Wheat free and Gluten free flours
Wheat flour contains gluten which is the protein that strengthens and binds dough in baking. Because of this, when baking with wheat free flours you may need to source alternative binding agents.
Wheat free recipes using flour substitutes usually have been carefully formulated to get the best possible result taking into account the problems associated with lack of wheat gluten, therefore substitution can be a risky experiment. If you try substitution, then be aware that you may get a failure, so don't do it for the first time if cooking for an important occasion.
The flours listed below are alternatives to wheat flour. However it is important to be aware that there is no exact substitute for wheat flour, and recipes made with wheat free alternative flours will be different from those containing wheat.
Amaranth flour-Amaranth flour is made from the seed of the Amaranth plant, which is a leafy vegetable. Amaranth seeds are very high in protein, which makes a nutritious flour for baking. Alternative names: African spinach, Chinese spinach, Indian spinach, elephants ear. Wheat Free Gluten Free
Arrowroot flour-Arrowroot flour is ground from the root of the plant, and is very useful for thickening recipes. It is tasteless, and the fine powder becomes clear when it is cooked, which makes it ideal for thickening clear sauces.Wheat Free Gluten Free
Barley flour-Barley only contains a small amount of gluten, so is rarely used to make bread, with the exception of unleavened bread. It has a slightly nutty flavor, and can be used to thicken or flavor soups or stews. Blended with other alternative flours it is also fairly versatile for cakes, biscuits, pastry, dumplings etc.Wheat free Gluten free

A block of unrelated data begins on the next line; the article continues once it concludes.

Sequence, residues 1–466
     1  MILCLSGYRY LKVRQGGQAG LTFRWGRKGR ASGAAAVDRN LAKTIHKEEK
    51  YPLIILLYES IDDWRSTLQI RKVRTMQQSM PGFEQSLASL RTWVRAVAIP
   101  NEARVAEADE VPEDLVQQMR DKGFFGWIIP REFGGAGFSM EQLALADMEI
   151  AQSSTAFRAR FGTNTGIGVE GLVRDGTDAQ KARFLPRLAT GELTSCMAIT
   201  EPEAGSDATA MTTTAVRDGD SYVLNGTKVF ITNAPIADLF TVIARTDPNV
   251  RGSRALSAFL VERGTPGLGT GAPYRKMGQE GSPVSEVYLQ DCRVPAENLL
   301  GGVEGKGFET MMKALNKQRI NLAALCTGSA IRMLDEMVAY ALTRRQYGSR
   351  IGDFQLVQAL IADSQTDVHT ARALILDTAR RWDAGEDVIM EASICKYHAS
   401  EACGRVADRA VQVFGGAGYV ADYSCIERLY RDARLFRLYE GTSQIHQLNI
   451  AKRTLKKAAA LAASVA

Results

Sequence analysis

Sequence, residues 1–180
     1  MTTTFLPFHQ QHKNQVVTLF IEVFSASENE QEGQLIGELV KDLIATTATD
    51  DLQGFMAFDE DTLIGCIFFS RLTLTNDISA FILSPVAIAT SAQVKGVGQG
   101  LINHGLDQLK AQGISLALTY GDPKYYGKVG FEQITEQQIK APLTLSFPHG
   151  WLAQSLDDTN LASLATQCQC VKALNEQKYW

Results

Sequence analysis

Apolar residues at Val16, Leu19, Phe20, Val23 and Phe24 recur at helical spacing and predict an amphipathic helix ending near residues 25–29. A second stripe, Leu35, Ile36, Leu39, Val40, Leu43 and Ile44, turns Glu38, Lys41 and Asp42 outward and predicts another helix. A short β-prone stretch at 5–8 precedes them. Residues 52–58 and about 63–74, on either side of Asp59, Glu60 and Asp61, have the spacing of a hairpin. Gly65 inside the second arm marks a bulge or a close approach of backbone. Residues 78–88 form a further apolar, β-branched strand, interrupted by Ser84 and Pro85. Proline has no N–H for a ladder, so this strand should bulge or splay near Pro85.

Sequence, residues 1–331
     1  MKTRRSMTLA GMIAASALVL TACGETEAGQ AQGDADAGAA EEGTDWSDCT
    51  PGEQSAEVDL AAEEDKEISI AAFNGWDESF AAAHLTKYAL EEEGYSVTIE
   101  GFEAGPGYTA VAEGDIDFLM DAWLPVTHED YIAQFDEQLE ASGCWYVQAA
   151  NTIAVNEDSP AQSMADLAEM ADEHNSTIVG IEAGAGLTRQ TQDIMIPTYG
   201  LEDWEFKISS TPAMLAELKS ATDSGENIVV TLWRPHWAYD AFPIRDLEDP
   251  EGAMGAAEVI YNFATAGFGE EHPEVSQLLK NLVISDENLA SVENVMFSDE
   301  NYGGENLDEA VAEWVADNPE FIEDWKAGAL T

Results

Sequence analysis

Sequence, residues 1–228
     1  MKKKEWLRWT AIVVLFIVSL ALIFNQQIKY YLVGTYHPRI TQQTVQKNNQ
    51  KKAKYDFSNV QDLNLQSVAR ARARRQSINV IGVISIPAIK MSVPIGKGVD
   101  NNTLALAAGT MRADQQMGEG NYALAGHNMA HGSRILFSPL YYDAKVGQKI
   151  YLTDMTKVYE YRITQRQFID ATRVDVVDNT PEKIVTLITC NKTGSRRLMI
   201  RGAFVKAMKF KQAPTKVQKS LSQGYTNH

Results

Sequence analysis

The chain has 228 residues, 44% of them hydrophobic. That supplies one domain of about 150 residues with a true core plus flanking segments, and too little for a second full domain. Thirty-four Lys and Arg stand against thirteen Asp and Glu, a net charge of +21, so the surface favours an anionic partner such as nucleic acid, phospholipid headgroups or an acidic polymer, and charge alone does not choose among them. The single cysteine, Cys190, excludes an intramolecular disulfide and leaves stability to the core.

Brown rice flour-Brown rice flour is heavier than its relative, white rice flour. It is milled from unpolished brown rice so it has a higher nutritional value than white, and as it contains the bran of the brown rice it has a higher fiber content. This also means that it has a noticeable texture, a bit grainy. It does have a slight nutty taste, which will sometimes come out in recipes depending on the other ingredients, and the texture will also contribute to a heavier product than recipes made with white rice flour. It is not often used completely on its own because of its heavier nature. Bulk buying is not recommended as it is better used when fresh, store in an airtight container. Wheat free Gluten free
Buckwheat flour-Buckwheat flour is not, despite its name a form of wheat, buckwheat is actually related to rhubarb. The small seeds of the plant are ground to make flour. It has a strong nutty taste so is not generally used on its own in a recipe, as the taste of the finished product can be very overpowering, and a little bitter. Alternative names: beech wheat, kasha, saracen corn.
Wheat free Gluten free